September 16, 2012


By Christopher Hodson

Oxford University Press

I feel immeasurably smarter after having read The Acadian Diaspora. The author, a history professor at Brigham Young University, has tracked the quintessential Cajuns across the globe, from their Canadian origins to their arrival in Spanish Louisiana. So much happened to the clannish French-speaking refugees between their expulsion in 1755 and their settlement in our neighborhood some 25-30 years later, that it’s remarkable these proud, rugged, world-class farmers should have survived intact.

Hodson’s story of the Acadian diaspora, or grand dérangement, is profound and, in some places, simply jaw-dropping in its accounting for a people’s struggle to be something other than pawns in an imperial game. For the first century, the Acadians lived in the shadow of the diplomatic Mi’kmaq tribe, along the Bay of Fundy, in today’s Nova Scotia. The hardy Europeans built up 10-foot-tall, strong sod dikes to protect their farmland. But the constant competition between England and France resulted in the Seven Years’ War, which ruined the hopes of New France.

Despite the Acadians’ credible professions of neutrality, they were at the mercy of the victorious British, whose policy was fixed. Some 8,000 of the settlers escaped into the forest to launch a guerrilla war against the invaders; but the majority stayed put, and said a long goodbye to the lives they had known.

Split up and deposited on vessels heading for various ports — Boston, Philadelphia, Charleston — they should at least have been a welcome addition to the City of Brotherly Love. Yet, the displaced Acadians knew not where they stood: Are we “Subjects, Prisoners, Slaves, or Freemen?” they asked anxiously.

Virginia’s royal governor branded them “bigotted Papists,” and did not mourn the hundreds who died of disease or malnutrition.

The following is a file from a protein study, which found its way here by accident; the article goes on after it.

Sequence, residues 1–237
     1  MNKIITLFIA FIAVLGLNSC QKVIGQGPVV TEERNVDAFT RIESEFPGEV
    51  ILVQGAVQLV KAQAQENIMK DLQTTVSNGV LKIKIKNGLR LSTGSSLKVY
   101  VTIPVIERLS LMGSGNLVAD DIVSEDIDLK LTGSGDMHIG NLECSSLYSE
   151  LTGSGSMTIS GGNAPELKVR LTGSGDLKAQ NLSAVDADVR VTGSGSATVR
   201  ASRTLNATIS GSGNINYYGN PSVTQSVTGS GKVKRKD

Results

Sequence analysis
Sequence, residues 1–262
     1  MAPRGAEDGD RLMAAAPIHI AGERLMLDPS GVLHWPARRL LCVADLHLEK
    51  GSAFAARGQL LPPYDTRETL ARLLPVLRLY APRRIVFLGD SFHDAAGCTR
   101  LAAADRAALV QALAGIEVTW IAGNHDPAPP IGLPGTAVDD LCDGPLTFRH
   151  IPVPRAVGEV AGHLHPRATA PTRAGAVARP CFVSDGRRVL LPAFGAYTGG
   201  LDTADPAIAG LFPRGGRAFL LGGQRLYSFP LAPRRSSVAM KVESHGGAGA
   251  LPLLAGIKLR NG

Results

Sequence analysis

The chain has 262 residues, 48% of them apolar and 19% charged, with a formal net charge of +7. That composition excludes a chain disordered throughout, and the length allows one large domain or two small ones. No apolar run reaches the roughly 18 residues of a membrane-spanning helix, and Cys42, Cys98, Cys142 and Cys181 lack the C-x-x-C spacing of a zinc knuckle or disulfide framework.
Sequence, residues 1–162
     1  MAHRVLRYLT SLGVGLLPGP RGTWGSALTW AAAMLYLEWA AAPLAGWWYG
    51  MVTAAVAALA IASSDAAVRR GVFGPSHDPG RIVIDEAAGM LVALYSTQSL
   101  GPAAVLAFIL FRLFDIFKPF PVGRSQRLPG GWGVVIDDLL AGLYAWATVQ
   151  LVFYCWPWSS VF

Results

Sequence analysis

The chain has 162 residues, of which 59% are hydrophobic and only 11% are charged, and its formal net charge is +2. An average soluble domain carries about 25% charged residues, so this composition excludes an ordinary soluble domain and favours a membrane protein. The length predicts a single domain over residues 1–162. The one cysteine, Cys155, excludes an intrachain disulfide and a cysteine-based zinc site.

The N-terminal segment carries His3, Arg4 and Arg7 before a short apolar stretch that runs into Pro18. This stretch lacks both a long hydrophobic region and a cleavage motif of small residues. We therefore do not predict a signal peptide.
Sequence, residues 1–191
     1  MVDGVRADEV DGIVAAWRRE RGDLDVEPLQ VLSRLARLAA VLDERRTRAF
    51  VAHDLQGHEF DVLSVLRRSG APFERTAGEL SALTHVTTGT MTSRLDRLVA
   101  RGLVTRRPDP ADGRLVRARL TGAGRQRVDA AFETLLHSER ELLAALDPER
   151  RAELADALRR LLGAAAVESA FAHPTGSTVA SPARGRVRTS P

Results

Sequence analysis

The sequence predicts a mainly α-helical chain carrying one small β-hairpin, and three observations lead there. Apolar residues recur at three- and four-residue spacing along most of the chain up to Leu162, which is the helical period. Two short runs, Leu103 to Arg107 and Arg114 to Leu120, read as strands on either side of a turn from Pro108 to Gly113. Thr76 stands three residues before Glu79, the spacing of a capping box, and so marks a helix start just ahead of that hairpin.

Their Catholicism did not sit well with the American colonists, and before much longer the Acadians were returned to France, where King Louis XV and various officials devised strategy after strategy to relocate them to French possessions. Disturbed at once by the idle ways of uninspired white settlers and the ever-present threat of slave rebellion, government administrators proposed a list of challenging sites where, they imagined, only the loyal Acadians could turn fallow land into imperial profit. There was Belle-Île-en-Mer, an island off the French coast, Cayenne (Guiana) in South America, Ile de France (Mauretius) in the Indian Ocean — even the Falklands, closer to the South Pole than to France. But none of these places proved attractive enough to excite the underemployed Acadians.

In narrating the story of the Acadian farmers and their intense political trials, Hodson explains the popular agrarian theories of the mid-18th century that show why the Acadians were placed in limbo for so long. In their desire for a diversified agriculture to render slavery unnecessary, the French physiocrats were a most intriguing group — the Francophile Thomas Jefferson was a friend to physiocracy. They believed in entrepreneurship, which required first stripping the clergy of its vast holdings, then replacing stupid peasants with committed yeomen, and promoting early marriage and lots of children — a demographic solution.

The great puzzle that weaves its way through Hodson’s narrative is this: why Acadians were never properly repatriated on their return to the French homeland in the early 1760s. After all, the French were impressed by such a people, who struck them as “big, robust, hardworking, and very fecund” — the last of which quality celebrated the hardy country wives. Simple, sociable and adept at their trades, the former Canadians were ultimately treated as tools through whose colonizing fortitude France could revitalize — perhaps completely remake — its unhappy, slave-driven possessions.

Spurred by the efforts of a promoter, Jean-Jacques Leblanc, a mass migration of Acadians occurred that took the French nationals off the royal dole once and for all. Despite promises, the King of France had not set aside lands for them, and word from brethren who had found happiness in Louisiana planted new hopes. The place was susceptible to the ravages of nature; but the Acadians had braved harsh conditions in Canada for generations.

In 1785, sixteen hundred of the dispossessed gathered in Nantes, on the French Atlantic coast. And so the boats set sail for New Orleans. And so began a new life for this remarkable, indivisible people. You may know what comes next. But the point is, you don’t know what came before — and that’s all the advertisement you’ll need. The Acadian Diaspora is a masterful history, a moving story of exile and transformation and chance.

Andrew Burstein is Charles P. Manship Professor of History at LSU and author of books on American politics and culture. His website is:

No comments: